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La Scena Musicale - Vol. 9, No. 10

Dvorák Year

July 13, 2004

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Antonín Dvorák died just over a hundred years ago, on May 1, 1904. To mark the centenary of one of the great composers of the 19th century, La Scena Musicale takes a look at his music and his place in history, and offers readers a list of recent publications and upcoming concerts that feature the man and his work.

Cultural and historical background

The once independent country of Bohemia had long been a subject nation when Dvorák was born in 1841. The region had been exceptionally rich under Charles IV in the 14th century; Prague, with 50,000 inhabitants, had become the greatest city in Europe and home to the first university in central Europe. In the mid-18th century, Bohemia was swallowed up by the Austrian Empire and German became the official language, as well as the only one used in schools and universities. All expressions of Czech nationalism were quickly stifled until 1918--14 years after Dvorák's death--when the Czechs and Slovaks created Czechoslovakia. It had taken years of struggle.

This is a rather simplified version of the country's history, but the point is that during those years of foreign domination the Czechs were deprived of the use of their mother tongue and of much of their culture. As a result, music played a vital role in the preservation of national identity. Music was everywhere; almost everyone was able to perform, even if only as amateurs. Czech musicians were known to be among the best in Europe, garnering praise from such luminaries as Mozart, Berlioz, and Wagner. However, excepting popular music, the works played by these fine performers were always foreign. With the advent of Bedrich Smetana (1824-1884), Czech music began a renaissance that was carried forward by Dvorák. In Bohemia and elsewhere, 19th-century music was to be an important vehicle of nationalist expression.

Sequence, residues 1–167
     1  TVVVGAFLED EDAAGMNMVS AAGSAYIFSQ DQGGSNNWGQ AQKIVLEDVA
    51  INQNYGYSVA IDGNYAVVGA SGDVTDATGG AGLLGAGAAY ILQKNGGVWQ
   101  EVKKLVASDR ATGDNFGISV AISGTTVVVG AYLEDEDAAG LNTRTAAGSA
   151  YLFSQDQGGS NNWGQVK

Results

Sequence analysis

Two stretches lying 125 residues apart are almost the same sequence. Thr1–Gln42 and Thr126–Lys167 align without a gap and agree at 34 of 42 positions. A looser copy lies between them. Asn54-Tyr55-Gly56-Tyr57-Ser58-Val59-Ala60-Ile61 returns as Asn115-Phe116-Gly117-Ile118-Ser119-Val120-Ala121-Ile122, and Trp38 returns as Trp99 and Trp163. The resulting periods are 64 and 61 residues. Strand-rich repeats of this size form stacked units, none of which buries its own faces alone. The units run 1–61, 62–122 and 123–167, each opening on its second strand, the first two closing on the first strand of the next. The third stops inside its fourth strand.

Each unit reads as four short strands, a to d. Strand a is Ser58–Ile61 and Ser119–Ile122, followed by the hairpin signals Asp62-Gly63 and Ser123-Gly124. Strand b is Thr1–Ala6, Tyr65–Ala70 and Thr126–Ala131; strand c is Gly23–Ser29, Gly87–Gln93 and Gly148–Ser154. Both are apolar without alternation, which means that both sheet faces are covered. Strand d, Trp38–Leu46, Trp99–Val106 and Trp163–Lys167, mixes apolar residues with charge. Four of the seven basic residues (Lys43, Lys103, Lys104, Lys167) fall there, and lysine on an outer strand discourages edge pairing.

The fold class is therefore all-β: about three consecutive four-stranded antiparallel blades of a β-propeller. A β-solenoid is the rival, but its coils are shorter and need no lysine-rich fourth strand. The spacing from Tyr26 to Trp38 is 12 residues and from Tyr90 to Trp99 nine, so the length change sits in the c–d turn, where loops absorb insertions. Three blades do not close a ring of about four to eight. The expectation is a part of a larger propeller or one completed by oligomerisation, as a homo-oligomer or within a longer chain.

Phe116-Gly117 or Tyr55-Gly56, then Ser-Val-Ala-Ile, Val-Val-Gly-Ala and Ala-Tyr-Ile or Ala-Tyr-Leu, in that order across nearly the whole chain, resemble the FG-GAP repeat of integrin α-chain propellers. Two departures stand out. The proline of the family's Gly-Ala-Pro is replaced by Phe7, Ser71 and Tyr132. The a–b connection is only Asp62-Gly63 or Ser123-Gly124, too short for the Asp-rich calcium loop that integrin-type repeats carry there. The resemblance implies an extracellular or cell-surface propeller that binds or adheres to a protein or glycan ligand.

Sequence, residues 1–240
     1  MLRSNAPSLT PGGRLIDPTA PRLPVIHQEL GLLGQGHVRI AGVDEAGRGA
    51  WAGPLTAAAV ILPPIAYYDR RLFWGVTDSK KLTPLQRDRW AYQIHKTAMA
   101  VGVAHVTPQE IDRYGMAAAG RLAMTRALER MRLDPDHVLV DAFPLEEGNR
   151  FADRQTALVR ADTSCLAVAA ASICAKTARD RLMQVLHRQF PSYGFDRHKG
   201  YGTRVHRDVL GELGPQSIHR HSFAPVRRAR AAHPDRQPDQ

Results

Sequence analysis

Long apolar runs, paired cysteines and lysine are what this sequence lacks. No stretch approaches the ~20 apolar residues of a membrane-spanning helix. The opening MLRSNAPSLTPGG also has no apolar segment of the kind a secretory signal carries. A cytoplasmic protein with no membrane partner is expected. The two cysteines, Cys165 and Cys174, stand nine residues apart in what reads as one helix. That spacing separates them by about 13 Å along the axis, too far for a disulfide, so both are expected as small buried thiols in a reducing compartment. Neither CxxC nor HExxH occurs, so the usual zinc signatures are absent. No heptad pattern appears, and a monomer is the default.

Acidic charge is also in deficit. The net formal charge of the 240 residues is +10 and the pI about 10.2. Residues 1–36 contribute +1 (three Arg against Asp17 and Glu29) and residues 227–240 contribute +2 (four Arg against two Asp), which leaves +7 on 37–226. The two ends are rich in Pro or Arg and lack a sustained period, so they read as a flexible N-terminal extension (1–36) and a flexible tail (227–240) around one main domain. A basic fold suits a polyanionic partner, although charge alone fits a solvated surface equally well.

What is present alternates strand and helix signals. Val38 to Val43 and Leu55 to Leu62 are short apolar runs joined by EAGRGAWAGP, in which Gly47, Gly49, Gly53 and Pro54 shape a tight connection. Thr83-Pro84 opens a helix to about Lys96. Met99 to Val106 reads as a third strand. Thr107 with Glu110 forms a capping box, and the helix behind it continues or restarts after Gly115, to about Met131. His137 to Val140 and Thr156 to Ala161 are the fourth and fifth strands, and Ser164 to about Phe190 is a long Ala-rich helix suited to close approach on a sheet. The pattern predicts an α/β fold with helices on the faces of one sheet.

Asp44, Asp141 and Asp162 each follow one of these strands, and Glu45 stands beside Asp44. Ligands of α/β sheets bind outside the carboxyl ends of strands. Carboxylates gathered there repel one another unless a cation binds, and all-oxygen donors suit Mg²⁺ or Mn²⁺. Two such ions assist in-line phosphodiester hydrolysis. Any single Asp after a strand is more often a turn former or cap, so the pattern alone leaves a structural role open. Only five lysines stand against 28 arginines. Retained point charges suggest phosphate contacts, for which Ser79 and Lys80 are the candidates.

The music

What is so special about Dvorák's music, and what should we listen to in order to get to know it? Like many who are representative of national schools, Dvorák drew much of his inspiration from the folk music of his nation. He was well versed in the repertoire, having often played it in the inn run by his father. However, he never used the melodies per se. Instead, he absorbed the folk characteristics in order to create his own melodies. Thus, melodic invention is an important feature of his work. Brahms is reputed to have said that Dvorák had more ideas than "the rest of us put together," and that one could find major themes simply by gleaning his leavings.

At the same time, Dvorák admired the music of such greats as Mozart, Beethoven, and Brahms and was receptive to the Viennese school's contribution to music. His work shows a felicitous blend of classical forms with the melodies and rhythms of folksong. The result is perhaps typically Czech--but above all typically Dvorakian.

Symphonic repertoire